According to Wikipedia, the concept of signed numbers appeared during the Han dynasty in China (~200 BC to ~200 AD), and wasn't accepted in the west until the 17th century.
While that may seem like a snarky comment, it isn't: it's meant to highlight the fact that numbers are inherently tied to the domain in which they're used. Western mathematics was based on counting and geometry (and, having taken a college-level class on Greek mathematics, I can tell you that it's quite remarkable what 27 letters, a straight-edge, and a compass can accomplish).
Similarly, the numbers used by computer languages are tied to the domain where they are used. Fortran was developed for numerical analysis; Cobol, its contemporary, was designed for business math. Both of those domains require signed numbers, and have little use for unsigned numbers. Lisp was the other "big" late-50s high-level language; I have no idea what the original version used for numbers.
Unsigned numbers are generally appropriate only to the domain of machine control, where you access every bit of the machine word and don't want behaviors such as sign extension. However, machine-level programming didn't use "higher-level" languages, due to programmers' fear of compilers. That changed with C, and perhaps other languages, and those languages introduced unsigned integer types.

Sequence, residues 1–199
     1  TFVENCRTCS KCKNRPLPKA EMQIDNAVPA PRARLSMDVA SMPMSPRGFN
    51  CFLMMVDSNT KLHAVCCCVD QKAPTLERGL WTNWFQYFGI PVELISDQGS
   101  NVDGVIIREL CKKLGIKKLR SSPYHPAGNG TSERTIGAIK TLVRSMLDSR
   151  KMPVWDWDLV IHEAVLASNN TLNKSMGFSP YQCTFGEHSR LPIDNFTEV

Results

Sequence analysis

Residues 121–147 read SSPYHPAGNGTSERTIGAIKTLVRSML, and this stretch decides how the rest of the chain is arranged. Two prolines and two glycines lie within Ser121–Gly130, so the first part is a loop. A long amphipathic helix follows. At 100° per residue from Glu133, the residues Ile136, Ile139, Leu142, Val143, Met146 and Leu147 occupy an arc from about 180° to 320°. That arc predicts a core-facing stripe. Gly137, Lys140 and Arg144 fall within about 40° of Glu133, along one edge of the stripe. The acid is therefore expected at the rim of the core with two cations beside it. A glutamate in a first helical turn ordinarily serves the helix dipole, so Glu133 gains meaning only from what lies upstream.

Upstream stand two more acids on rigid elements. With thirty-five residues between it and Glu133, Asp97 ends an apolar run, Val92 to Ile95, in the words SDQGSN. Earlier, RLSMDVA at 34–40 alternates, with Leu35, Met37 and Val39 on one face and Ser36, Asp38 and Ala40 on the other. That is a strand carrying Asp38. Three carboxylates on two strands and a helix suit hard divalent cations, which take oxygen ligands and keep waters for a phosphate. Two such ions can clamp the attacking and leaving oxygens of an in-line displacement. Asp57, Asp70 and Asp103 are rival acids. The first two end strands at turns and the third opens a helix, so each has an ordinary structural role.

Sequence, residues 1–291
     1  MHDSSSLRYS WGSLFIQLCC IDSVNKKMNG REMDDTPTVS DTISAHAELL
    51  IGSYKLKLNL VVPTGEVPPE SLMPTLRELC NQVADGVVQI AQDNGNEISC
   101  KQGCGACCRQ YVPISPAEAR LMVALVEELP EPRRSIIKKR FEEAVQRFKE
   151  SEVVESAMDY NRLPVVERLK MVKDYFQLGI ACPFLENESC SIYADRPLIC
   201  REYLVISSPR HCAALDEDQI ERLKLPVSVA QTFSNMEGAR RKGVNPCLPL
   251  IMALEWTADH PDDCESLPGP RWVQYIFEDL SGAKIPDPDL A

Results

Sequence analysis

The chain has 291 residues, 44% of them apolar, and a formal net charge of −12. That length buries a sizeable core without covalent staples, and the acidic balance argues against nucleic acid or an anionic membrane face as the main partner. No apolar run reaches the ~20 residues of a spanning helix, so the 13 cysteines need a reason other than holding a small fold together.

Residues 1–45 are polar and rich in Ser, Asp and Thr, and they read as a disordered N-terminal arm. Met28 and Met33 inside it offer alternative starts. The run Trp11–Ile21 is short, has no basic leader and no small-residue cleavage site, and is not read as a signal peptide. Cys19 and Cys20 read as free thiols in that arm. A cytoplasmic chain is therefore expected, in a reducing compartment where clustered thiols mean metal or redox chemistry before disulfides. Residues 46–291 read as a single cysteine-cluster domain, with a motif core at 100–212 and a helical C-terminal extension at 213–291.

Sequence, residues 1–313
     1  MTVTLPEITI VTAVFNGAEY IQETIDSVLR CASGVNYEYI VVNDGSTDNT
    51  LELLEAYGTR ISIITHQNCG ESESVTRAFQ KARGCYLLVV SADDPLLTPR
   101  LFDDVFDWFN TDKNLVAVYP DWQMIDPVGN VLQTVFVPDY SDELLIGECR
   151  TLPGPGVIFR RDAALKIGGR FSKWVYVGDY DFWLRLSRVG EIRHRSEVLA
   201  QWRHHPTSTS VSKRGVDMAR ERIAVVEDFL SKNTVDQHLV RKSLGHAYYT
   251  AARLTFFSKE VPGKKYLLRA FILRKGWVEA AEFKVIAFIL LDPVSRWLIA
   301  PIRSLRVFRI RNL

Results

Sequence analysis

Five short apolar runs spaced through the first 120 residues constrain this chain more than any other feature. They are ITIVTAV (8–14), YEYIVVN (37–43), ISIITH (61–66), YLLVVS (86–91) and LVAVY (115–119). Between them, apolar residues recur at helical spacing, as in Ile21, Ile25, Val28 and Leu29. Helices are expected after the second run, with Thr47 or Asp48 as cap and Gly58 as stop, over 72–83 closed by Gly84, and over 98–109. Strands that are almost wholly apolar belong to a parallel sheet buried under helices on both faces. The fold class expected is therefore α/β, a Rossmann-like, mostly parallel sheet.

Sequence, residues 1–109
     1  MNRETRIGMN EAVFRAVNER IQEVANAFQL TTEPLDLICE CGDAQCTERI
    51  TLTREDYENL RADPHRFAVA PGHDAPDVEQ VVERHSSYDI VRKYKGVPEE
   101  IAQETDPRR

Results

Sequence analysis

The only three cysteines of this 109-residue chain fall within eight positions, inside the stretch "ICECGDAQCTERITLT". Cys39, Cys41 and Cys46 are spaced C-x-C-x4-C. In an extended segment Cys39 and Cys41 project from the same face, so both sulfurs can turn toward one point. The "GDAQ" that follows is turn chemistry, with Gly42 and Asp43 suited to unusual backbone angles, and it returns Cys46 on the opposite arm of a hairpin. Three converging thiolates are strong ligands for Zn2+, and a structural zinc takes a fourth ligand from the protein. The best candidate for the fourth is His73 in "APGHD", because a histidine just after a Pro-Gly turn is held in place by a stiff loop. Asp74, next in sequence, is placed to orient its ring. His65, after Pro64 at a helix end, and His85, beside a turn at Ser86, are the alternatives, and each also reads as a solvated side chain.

So that brings us to machine languages, which represent the basic operations of the machine. And here things get a little strange, because signed numbers are simply a way of looking at bits.
The adder circuit knows nothing of signs: it simply takes two bits as input and produces two bits as output. By chaining a bunch of adders together, you can take two words as input and produce one word + carry bit as output. If you add 0x7FFF and 0x0003 on a 16-bit architecture, you get 0x8002. How you interpret that is up to you: maybe you added two positive numbers and got another positive number, maybe you had an overflow to a negative number.
All of which is saying that the question itself is invalid. Signed versus unsigned is simply a domain-specific way of looking at the same bits.